Our View: A special event


The walls of the Moffat County High School aquatics center boomed loudly as parents and volunteers chanted the names of swimmers in Saturday's Special Olympic Summer Games.

As athletes emerged from the pool dripping wet and with beaming smiles, they were greeted with high-fives, towels and hugs.

They were happy to be there and to have competed, and we should be happy they were there, too.

Those athletes have trained for weeks or months to compete in these regional games. The top winners advance to the state competition and possibly the 2007 World Games in China.

The point is, this is serious business.

The number of parents, friends and volunteers was amazing. People from several counties came to watch and encourage athletes they know or have worked with during the past months and years.

The Craig Kiwanis Club organized the event well and provided a fun yet structured atmosphere. We should be proud to have that group and the Olympians in our city.

But for all the positive aspects of Saturday's event, there was one glaring drawback.

The bleachers were bare, bereft of community members who should have supported these outstanding athletes.

With the exceptions of those volunteering, organizing or supporting loved ones in the games, the community did not come out to cheer on the athletes as they swam, ran and lifted.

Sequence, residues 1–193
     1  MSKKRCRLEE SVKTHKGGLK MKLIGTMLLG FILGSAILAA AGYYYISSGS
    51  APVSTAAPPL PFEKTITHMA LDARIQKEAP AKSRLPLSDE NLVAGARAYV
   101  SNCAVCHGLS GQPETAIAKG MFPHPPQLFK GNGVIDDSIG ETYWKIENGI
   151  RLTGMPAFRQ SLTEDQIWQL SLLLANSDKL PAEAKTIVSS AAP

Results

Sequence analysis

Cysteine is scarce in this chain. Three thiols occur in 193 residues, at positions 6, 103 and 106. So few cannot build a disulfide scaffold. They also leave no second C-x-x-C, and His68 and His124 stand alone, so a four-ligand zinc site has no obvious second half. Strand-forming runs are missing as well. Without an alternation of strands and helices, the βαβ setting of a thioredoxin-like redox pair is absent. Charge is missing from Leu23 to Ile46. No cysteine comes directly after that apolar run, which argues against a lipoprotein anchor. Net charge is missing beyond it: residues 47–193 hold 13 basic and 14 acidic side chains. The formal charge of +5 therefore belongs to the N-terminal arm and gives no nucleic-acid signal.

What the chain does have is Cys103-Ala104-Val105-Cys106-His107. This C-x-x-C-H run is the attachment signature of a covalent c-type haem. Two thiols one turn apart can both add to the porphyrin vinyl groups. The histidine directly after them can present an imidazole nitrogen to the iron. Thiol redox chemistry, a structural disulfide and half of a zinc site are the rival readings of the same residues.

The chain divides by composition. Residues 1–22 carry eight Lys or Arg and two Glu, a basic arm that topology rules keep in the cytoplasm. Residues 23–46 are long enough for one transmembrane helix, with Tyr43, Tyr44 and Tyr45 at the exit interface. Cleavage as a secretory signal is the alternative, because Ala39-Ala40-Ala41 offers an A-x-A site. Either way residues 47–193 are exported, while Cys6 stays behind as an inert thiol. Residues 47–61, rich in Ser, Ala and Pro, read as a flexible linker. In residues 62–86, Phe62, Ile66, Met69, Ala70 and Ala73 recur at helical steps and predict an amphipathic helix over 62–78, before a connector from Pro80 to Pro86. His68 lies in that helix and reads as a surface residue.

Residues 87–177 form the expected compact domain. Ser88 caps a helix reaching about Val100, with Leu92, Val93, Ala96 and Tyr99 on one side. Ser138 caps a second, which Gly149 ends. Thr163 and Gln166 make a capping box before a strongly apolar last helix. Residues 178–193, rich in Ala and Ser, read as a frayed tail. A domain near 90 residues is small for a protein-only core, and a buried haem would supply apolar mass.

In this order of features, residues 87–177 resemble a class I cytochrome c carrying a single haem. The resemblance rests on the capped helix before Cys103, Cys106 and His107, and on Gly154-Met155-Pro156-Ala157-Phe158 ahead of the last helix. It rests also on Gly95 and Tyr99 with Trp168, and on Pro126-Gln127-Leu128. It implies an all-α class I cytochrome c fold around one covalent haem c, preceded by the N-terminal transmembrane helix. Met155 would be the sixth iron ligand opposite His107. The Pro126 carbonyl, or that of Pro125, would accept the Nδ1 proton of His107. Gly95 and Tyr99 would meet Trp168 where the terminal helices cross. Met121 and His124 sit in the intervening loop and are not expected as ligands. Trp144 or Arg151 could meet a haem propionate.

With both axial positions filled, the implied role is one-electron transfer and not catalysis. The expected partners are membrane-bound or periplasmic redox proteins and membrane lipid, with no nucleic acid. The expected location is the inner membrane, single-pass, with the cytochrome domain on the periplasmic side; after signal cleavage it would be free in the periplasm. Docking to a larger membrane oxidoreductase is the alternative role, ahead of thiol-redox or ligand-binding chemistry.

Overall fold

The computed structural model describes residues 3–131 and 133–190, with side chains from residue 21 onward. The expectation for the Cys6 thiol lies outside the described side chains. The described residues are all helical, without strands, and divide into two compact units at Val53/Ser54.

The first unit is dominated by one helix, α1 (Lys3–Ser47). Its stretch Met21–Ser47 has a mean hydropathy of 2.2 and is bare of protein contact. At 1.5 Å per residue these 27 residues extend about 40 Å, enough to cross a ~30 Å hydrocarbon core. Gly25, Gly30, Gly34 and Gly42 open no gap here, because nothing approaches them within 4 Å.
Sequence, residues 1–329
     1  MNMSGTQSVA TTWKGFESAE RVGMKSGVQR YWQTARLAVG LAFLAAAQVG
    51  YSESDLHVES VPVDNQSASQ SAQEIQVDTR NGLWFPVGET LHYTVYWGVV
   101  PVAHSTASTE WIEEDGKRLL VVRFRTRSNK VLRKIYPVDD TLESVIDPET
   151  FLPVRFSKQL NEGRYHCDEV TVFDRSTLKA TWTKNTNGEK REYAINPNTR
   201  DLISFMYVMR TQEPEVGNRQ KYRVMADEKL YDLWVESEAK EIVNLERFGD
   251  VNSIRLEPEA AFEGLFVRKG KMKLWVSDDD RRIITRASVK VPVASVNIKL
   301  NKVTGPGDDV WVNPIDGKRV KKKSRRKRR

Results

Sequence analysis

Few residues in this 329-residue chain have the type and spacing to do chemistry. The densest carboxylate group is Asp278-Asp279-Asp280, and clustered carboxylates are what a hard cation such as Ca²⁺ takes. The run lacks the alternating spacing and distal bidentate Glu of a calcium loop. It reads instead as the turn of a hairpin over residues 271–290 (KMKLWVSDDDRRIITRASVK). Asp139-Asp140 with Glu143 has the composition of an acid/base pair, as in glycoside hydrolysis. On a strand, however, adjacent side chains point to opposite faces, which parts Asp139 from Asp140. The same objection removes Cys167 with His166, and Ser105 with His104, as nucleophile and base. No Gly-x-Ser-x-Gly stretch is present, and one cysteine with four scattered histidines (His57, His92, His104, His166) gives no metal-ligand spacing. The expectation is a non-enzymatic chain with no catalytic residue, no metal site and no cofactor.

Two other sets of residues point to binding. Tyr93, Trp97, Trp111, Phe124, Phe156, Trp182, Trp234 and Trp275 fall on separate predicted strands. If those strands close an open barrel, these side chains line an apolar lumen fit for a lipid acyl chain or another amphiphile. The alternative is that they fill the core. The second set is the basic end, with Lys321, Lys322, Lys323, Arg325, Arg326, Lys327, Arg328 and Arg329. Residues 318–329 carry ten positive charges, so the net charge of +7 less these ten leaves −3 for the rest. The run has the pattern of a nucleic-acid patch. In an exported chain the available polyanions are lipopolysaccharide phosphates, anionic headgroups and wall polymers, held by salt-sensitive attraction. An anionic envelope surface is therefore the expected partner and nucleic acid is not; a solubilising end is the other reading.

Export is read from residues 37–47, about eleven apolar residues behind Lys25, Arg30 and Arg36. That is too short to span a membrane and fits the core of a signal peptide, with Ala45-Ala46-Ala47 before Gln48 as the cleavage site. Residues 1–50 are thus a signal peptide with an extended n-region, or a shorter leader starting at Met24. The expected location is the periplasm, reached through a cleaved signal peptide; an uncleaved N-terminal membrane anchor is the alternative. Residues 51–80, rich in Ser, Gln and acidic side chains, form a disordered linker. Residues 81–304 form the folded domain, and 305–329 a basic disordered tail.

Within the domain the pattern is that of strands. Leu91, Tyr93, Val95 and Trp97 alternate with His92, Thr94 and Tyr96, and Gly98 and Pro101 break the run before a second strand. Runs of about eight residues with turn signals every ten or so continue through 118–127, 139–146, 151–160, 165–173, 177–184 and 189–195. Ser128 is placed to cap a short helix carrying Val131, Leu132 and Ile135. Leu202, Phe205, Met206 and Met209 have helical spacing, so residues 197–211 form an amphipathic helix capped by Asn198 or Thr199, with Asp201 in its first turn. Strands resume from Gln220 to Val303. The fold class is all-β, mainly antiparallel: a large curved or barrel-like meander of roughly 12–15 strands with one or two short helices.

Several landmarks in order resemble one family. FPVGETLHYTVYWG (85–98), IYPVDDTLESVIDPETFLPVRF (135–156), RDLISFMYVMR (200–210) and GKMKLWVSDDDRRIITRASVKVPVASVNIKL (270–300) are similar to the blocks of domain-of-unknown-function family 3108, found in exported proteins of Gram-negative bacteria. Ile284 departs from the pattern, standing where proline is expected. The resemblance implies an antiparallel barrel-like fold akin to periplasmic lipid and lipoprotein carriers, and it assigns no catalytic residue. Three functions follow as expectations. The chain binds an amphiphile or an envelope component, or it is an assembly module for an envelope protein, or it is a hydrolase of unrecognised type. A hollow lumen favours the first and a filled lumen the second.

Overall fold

That's a shame.

People with disabilities are not supported in this community -- with applause or funding.

That's likely because residents that do not understand the needs of people with disabilities. The only way to understand those needs is to interact with people with disabilities. The Special Olympics were the perfect opportunity for that.

The turnout was particularly disappointing considering Craig's tight-knit community. We expected more of Craig's residents to come out Saturday and celebrate the accomplishments of so many local athletes.

We should all take the time to get to know the people who live in our community, to understand them.

We need to support people with disabilities by cheering them on when they've worked so hard to achieve their goals.

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